Libraries


C Programming Tutorial

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Plug-in C expansions. Header files.

The core of the C language is small and simple. Special functionality is provided in the form of libraries of ready-made functions. This is what makes C so portable. Some libraries are provided for you, giving you access to many special abilities without needing to reinvent the wheel. You can also make your own, but to do so you need to know how your operating system builds libraries. We shall return to this later.

Libraries are files of ready-compiled code which we can merge with a C program at compilation time. Each library comes with a number of associated header files which make the functions easier to use. For example, there are libraries of mathematical functions, string handling functions and input/output functions and graphics libraries. It is up to every programmer to make sure that libraries are added at compilation time by typing an optional string to the compiler. For example, to merge with the math library libm.a you would type

 cc -o program_name prog.c -lm

when you compile the program. The -lm means: add in libm. If we wanted to add in the socket library libsocket.a to do some network programming as well, we would type

 cc -o program_name prog.c -lm -lsocket

and so on.

Why are these libraries not just included automatically? Because it would be a waste for the compiler to add on lots of code for maths functions, say, if they weren't needed. When library functions are used in programs, the appropriate library code is included by the compiler, making the resulting object code often much longer.

Libraries are supplemented by header files which define macros, data types and external data to be used in conjunction with the libraries. Once a header file has been included, it has effectively added to the list of reserved words and commands in the language. You cannot then use the names of functions or macros which have already been defined in libraries or header files to mean anything other than what the library specifies.

The most commonly used header file is the standard input/output library which is called stdio.h. This belongs to a subset of the standard C library which deals with file handling. The math.h header file belongs to the mathematics library libm.a. Header files for libraries are included by adding to the source code:

#include header.h

at the top of a program file. For instance:

#include "myheader.h"

includes a personal header file which is in the current directory. Or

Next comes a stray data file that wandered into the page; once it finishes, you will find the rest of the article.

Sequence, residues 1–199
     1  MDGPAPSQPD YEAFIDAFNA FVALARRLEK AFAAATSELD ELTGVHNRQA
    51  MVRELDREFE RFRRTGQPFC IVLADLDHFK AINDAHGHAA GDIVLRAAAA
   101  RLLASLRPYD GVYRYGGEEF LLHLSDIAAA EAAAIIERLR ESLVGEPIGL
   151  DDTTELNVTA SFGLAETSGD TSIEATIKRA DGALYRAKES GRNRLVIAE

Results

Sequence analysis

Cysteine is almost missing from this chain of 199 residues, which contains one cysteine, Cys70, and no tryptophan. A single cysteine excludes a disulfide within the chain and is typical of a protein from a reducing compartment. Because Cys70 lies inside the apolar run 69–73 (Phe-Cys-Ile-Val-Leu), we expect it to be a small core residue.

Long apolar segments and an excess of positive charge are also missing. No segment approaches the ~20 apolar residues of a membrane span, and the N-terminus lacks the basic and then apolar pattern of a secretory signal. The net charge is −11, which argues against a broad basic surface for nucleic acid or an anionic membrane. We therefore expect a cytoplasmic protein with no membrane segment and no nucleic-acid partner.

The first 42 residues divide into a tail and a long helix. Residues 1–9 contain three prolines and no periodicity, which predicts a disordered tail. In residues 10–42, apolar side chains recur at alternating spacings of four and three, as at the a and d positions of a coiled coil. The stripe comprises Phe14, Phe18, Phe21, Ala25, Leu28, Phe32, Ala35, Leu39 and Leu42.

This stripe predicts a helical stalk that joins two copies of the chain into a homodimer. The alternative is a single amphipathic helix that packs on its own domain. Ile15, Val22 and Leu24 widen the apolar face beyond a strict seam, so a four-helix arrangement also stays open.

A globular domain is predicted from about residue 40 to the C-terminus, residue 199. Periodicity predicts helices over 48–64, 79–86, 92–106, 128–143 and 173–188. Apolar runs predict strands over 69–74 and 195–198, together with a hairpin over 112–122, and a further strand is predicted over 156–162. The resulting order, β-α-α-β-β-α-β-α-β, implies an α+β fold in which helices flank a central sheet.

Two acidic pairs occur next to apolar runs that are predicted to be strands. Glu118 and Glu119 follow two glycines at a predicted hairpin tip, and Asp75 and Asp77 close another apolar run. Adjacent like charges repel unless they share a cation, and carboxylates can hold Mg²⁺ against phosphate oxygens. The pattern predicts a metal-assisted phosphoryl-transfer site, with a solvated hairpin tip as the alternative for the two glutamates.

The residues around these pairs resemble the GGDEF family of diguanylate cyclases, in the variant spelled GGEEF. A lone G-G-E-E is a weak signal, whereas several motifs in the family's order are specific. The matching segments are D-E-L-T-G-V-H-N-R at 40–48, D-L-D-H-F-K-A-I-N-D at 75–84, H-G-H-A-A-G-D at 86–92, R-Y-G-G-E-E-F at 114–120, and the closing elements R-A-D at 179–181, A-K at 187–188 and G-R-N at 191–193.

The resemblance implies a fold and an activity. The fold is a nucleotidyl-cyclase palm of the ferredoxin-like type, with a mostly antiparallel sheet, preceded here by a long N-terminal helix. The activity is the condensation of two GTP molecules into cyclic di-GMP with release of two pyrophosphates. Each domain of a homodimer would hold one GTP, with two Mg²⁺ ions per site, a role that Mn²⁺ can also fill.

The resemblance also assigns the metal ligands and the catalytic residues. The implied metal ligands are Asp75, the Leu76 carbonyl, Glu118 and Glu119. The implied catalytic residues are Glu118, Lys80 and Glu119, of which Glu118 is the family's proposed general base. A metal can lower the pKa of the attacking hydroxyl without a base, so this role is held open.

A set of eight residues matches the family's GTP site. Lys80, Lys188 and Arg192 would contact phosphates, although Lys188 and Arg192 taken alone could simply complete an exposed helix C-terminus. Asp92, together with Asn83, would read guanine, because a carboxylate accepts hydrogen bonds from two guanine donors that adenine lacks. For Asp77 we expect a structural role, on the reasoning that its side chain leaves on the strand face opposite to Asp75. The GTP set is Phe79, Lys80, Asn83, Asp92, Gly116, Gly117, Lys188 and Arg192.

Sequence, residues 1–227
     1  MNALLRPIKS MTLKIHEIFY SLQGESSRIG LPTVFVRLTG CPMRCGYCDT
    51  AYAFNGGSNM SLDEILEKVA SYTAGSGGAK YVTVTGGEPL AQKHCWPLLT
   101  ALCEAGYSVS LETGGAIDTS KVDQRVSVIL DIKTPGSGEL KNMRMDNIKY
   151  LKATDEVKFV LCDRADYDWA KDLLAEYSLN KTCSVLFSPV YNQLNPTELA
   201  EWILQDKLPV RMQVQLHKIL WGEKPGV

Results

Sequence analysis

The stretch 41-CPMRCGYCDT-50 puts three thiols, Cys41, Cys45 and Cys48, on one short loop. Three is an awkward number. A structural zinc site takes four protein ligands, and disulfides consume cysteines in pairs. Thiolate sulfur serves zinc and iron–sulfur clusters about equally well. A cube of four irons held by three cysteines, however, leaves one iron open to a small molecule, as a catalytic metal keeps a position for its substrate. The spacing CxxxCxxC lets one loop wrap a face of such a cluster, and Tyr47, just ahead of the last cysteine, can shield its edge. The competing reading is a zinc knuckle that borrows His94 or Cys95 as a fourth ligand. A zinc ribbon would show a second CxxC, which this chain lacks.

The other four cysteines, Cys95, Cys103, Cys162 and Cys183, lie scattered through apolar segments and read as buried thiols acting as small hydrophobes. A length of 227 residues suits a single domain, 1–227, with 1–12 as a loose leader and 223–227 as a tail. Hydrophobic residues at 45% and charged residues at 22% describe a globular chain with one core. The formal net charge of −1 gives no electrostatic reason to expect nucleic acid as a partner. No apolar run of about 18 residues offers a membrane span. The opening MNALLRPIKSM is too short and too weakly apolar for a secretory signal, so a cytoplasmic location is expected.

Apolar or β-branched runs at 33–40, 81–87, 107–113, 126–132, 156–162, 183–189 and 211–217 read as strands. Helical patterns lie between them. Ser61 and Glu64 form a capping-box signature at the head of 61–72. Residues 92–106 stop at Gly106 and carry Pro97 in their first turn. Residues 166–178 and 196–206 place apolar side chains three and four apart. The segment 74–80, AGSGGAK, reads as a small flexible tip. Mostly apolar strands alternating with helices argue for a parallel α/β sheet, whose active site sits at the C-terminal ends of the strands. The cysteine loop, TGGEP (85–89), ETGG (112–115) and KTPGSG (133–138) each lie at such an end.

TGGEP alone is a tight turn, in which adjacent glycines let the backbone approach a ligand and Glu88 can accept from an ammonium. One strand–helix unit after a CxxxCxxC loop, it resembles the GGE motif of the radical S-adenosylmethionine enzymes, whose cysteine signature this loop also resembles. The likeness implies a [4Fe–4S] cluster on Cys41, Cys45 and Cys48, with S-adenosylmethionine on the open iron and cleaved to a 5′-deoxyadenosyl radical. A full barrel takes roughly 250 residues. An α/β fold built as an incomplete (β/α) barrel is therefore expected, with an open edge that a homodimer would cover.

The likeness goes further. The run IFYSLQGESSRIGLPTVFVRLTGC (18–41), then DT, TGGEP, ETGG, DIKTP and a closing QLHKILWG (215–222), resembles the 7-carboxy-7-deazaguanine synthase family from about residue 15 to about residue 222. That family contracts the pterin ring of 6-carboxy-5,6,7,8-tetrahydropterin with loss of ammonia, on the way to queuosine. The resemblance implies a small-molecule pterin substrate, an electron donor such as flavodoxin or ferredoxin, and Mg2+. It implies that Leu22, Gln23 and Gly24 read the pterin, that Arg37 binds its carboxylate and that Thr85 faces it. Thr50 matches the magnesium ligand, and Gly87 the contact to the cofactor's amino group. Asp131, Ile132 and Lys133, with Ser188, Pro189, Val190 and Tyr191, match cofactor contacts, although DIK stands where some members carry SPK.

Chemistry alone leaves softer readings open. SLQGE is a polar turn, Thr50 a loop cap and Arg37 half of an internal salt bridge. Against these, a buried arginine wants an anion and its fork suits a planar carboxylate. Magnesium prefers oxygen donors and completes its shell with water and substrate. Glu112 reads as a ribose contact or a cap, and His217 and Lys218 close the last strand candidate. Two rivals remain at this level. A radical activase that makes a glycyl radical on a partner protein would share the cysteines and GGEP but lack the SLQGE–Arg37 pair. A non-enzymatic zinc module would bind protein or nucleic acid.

#include <stdio.h>

includes a file which lies in a standard directory like /usr/include.

The #include directive is actually a command to the C preprocessor, which is dealt with more fully later, See Preprocessor.

Some functions can be used without having to include library files or special libraries explicitly since every program is always merged with the standard C library, which is called libc.

#include <stdio.h>

main ()

{
printf ("C standard I/O file is included\n");
printf ("Hello world!");
}

A program wishing to use a mathematical function such as cos would need to include a mathematics library header file.

#include <stdio.h>
#include <math.h>

main ()

{ double x,y;

y = sin (x);
printf ("Maths library ready");
}

A particular operating system might require its own special library for certain operations such as using a mouse or for opening windows in a GUI environment, for example. These details will be found in the local manual for a particular C compiler or operating system.

Although there is no limit, in principle, to the number of libraries which can be included in a program, there may be a practical limit: namely memory, since every library adds to the size of both source and object code. Libraries also add to the time it takes to compile a program. Some operating systems are smarter than others when running programs and can load in only what they need of the large libraries. Others have to load in everything before they can run a program at all, so many libraries would slow them down.

To know what names libraries have in a particular operating system you have to search through its documentation. Unix users are lucky in having an online manual which is better than most written ones.